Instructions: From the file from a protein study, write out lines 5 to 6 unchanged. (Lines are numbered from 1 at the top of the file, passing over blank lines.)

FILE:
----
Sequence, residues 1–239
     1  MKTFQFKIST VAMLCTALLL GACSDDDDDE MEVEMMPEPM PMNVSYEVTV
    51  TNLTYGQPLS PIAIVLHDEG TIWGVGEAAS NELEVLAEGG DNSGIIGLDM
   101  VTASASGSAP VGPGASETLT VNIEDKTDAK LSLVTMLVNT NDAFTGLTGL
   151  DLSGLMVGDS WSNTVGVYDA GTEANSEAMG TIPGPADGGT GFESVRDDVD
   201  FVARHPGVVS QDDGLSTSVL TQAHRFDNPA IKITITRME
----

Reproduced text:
   151  DLSGLMVGDS WSNTVGVYDA GTEANSEAMG TIPGPADGGT GFESVRDDVD
   201  FVARHPGVVS QDDGLSTSVL TQAHRFDNPA IKITITRME